Once again, it's time to experiment.
To review animated examples of Premiere's available transitions, do the following:
Open Premiere to your workspace.
Grab the Transitions palette and drag it to the upper-left corner of your workspace.
If the Transitions palette is not already open, open it by double-clicking its top bar.
Click the handy fly-out window arrow and select Expand All Folders.
Open that window again and select Animate.
Now expand the Transitions palette as much as you can by dragging the lower-right corner down and to the right. If you're working in a 1024x768 or higher resolution window, you'll see every transition Premiere has to offer. Figure 5.2 shows the screen at a lower resolution (1024x768 doesn't translate well to print), but it gives you an idea of what you should see.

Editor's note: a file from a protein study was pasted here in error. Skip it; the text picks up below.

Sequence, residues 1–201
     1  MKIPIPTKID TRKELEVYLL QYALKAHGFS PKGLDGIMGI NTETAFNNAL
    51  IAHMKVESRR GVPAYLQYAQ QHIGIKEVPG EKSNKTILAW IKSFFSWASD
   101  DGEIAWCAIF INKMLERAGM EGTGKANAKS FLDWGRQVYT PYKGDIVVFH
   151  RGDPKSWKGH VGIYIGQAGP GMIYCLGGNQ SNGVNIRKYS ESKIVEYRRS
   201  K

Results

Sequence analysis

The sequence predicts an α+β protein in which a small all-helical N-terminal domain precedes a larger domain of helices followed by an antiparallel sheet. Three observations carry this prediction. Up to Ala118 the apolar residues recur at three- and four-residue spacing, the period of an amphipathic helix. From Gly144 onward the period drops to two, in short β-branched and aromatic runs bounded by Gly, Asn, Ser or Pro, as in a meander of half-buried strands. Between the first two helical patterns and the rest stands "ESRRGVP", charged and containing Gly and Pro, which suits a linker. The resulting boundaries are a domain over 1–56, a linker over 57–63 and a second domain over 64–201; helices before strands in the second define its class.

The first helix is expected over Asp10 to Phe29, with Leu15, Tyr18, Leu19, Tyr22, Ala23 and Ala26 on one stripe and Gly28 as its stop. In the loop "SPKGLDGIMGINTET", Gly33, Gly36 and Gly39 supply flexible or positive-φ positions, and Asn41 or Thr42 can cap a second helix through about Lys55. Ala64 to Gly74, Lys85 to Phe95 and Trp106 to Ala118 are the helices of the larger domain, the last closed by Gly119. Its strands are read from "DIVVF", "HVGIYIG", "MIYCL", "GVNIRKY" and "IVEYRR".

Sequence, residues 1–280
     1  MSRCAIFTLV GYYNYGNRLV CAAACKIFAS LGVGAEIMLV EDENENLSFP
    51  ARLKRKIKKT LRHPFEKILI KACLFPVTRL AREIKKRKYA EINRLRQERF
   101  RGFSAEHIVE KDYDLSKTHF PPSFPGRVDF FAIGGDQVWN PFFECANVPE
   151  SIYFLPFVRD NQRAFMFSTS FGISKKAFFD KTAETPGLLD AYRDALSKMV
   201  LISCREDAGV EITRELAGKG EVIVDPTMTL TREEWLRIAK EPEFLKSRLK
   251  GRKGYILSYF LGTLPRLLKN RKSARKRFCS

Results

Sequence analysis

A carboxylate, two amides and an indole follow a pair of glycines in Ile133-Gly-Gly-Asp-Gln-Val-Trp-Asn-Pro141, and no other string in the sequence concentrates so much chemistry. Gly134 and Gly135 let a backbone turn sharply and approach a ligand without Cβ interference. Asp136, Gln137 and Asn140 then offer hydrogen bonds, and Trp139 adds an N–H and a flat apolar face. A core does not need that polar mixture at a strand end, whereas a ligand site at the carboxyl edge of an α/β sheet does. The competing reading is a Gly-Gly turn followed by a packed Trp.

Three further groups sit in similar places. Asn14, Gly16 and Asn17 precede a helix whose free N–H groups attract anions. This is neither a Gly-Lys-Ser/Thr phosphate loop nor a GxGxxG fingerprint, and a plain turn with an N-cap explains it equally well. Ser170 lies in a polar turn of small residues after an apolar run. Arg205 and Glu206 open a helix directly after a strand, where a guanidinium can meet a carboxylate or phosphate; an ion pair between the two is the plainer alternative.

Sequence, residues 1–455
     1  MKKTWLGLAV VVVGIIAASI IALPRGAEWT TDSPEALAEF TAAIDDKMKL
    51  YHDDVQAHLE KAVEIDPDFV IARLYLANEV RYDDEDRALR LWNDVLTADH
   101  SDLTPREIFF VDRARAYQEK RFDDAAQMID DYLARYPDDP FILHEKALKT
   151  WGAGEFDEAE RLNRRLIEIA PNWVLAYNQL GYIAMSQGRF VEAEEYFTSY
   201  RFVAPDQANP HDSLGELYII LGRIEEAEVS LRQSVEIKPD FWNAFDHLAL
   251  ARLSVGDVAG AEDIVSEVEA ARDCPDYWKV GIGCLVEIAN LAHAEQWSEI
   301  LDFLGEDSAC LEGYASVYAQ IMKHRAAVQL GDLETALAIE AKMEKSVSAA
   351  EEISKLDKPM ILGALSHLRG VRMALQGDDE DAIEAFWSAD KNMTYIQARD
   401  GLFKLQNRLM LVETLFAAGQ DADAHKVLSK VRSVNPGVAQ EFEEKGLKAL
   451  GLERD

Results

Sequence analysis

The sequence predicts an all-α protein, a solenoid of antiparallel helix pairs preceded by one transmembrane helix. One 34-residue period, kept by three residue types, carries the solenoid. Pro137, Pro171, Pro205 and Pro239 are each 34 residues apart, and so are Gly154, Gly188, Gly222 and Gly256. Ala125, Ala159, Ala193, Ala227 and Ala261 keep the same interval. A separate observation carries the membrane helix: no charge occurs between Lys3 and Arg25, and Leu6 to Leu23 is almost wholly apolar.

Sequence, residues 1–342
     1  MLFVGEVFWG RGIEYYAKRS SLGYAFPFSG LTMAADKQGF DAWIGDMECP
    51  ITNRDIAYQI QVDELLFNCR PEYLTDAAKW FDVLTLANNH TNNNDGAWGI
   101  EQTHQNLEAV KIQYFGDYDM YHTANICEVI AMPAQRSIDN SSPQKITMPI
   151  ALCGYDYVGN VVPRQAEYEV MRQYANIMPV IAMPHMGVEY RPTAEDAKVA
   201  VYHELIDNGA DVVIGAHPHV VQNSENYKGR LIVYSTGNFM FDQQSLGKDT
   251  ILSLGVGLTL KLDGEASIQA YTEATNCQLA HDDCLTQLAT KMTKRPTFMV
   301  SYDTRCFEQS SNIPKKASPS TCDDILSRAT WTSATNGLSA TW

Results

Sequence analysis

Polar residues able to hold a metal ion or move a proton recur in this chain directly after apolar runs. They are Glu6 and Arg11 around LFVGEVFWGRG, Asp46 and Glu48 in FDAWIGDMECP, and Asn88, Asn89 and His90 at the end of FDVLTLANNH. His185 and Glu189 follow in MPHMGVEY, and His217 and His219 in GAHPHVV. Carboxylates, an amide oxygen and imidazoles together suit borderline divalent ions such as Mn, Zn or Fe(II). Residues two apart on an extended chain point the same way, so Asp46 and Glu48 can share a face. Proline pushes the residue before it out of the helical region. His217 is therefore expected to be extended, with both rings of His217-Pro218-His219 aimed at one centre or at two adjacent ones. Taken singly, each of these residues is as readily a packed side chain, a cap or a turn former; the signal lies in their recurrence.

Click somewhere inside the window and watch all the transition icons give you an idea of how they work.
Where to begin? It's all a bit mind-boggling. To bring some order to this chaos, I'll show you a simple way to get a more precise idea how each transition works by starting with the most familiar and easiest-to-use transition?the cross-dissolve.
Find the Cross Dissolve icon in the Dissolve section of the Transitions palette and double-click it. As shown in Figure 5.3, this pops up the Cross Dissolve Settings dialog box. Every transition in Premiere has its own Settings dialog box, each with its own set of options. The cross-dissolve has only one option, and you may never use it (see the following note).